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Measuring What Counts: A Conceptual Guide for Mathematics Assessment ties for assessment as instruction proceeds. Assessments can also be designed in ways that help communicate the goals of learning and the products of successful learning. In each of these approaches, the teacher's role is critical both for facilitating and mediating learning. THE EQUITY PRINCIPLE Assessment should support every student's opportunity to learn important mathematics. The equity principle aims to ensure that assessments are designed to give every student a fair chance to demonstrate his or her best work and are used to provide every student with access to challenging mathematics. Equity requires careful attention to the many ways in which understanding of mathematics can be demonstrated and the many factors that may color judgments of mathematical competence from a particular collection of assessment tasks. Equity also requires attention to how assessment results are used. Often assessments have been used inappropriately to filter students out of educational opportunity. They might be used instead to empower students: to provide students the flexibility needed to do their best work, to provide concrete examples of good work so that students will know what to aim for in learning, and to elevate the students' and others' expectations of what can be achieved. Equity also requires that policies regarding use of assessment results make clear the schools' obligations to educate students to the level of new content and performance standards. EDUCATIONAL PRINCIPLES IN CONTEXT Time spent on assessment is increasing in classrooms across the country.9 Separate assessments are often administered to answer a wide array of questions, from what the teacher should emphasize in class tomorrow to what the school system should do to improve its overall mathematics program. Whether the sheer number of assessments is reduced is not the primary issue. What is more critical is that any time spent on assessment be time used in pursuit of the goal of excellent education.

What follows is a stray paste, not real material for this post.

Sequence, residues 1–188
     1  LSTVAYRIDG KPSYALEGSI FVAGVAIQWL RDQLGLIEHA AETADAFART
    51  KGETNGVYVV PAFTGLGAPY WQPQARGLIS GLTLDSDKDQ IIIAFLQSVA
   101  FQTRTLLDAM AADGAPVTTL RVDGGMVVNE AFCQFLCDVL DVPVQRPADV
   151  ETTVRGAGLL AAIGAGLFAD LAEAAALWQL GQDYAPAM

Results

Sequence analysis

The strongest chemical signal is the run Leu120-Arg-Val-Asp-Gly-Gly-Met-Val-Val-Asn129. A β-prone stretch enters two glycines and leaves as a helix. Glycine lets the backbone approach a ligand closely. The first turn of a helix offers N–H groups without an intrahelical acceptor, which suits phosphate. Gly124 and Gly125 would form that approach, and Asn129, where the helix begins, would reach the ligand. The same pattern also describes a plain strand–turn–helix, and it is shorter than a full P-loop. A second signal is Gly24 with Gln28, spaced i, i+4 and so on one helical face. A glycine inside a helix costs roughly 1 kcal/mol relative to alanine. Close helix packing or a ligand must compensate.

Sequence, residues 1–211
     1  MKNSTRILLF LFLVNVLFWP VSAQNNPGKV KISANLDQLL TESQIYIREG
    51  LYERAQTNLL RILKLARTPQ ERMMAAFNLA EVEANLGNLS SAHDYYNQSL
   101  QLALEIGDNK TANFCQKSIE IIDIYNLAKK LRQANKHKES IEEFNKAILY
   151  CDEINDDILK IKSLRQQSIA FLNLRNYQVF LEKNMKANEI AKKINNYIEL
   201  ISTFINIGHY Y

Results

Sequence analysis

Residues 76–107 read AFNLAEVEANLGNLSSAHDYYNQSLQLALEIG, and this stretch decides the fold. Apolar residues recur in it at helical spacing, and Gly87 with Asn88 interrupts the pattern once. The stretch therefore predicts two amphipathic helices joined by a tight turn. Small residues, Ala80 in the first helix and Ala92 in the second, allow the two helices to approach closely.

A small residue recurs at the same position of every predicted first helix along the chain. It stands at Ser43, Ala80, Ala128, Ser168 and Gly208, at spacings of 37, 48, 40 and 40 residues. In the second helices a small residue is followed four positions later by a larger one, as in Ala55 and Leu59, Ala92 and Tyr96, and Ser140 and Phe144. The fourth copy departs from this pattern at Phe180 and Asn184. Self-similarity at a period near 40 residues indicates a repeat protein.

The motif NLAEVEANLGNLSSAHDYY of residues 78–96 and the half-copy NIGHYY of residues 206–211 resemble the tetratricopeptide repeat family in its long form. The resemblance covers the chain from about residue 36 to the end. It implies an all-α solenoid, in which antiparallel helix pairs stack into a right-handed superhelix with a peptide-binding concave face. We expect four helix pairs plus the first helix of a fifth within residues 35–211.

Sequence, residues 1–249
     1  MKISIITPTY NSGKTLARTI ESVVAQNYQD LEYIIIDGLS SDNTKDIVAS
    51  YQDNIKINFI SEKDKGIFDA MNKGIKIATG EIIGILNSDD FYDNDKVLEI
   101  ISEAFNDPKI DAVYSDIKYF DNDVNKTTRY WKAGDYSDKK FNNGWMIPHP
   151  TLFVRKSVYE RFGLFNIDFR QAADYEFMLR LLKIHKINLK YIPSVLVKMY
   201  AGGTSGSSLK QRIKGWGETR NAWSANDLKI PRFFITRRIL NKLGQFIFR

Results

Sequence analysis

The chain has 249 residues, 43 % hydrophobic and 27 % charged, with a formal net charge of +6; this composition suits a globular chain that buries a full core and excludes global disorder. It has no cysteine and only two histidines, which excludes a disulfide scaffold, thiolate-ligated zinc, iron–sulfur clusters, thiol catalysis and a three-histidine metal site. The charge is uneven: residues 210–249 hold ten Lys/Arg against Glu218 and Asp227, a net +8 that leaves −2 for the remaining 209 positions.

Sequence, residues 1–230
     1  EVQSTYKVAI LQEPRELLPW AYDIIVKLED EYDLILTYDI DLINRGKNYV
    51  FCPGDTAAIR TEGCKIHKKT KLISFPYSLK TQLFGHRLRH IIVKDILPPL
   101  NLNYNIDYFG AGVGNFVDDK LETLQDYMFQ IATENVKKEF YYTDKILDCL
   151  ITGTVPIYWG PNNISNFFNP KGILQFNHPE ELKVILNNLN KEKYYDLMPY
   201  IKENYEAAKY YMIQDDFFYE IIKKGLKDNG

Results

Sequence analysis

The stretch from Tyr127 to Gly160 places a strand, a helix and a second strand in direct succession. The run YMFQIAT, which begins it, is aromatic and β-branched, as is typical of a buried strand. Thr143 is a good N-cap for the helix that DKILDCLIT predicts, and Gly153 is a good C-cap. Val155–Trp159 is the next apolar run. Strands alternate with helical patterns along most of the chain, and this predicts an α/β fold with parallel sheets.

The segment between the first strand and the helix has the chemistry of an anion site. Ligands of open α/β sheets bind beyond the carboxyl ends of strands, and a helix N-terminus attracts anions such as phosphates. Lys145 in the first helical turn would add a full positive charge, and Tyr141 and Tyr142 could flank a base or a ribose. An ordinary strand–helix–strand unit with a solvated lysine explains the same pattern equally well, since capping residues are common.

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Measuring What Counts: A Conceptual Guide for Mathematics Assessment The content, learning and equity principles challenge the dominance, not the importance, of traditional measurement criteria. The principles described above provide criteria that aim to ensure that assessments foster the goal of excellent mathematics education. For decades, educational assessment in the United States has been driven largely by practical and technical concerns rather than by educational priorities. Testing as we know it today arose because very efficient methods were found for assessing large numbers of people at low cost. A premium was placed on assessments that were easily administered and that made frugal use of resources. The constraints of efficiency meant that mathematics assessment tasks could not tap a student's ability to estimate the answer to an arithmetic calculation, construct a geometric figure, use a calculator or ruler, or produce a complex deductive argument. A narrow focus on technical criteria—primarily reliability—also worked against good assessment. For too long, reliability meant that examinations composed of a small number of complex problems were devalued in favor of tests made up of many short items. Students were asked to perform large numbers of smaller tasks, each eliciting information on one facet of their understanding, rather than to engage in complex problem solving or modeling, the mathematics that is most important. In the absence of expressly articulated educational principles to guide assessment, practical and technical criteria have become de facto ruling principles. The content, learning, and equity principles are proposed not to challenge the importance of these criteria, but to challenge their dominance and to strike a better balance between educational and measurement concerns. An increased emphasis on validity—with its attention to fidelity between assessments, high-quality curriculum and instruction, and consequences—is the tool by which the necessary balance can be achieved. In attempting to strike a better balance between educational and measurement concerns, many of the old measurement questions must be re-examined. For example, standardization has usually been taken to mean that assessment procedures and conditions are the same for every student. But from the perspective of fairness and equity, it might be more critical to assure that every student has the same level of understanding about the context and requirements of an assessment or task. The latter interpretation requires that some accommodation be made to differences among learners. For example, the teacher or examination proctor might be allowed to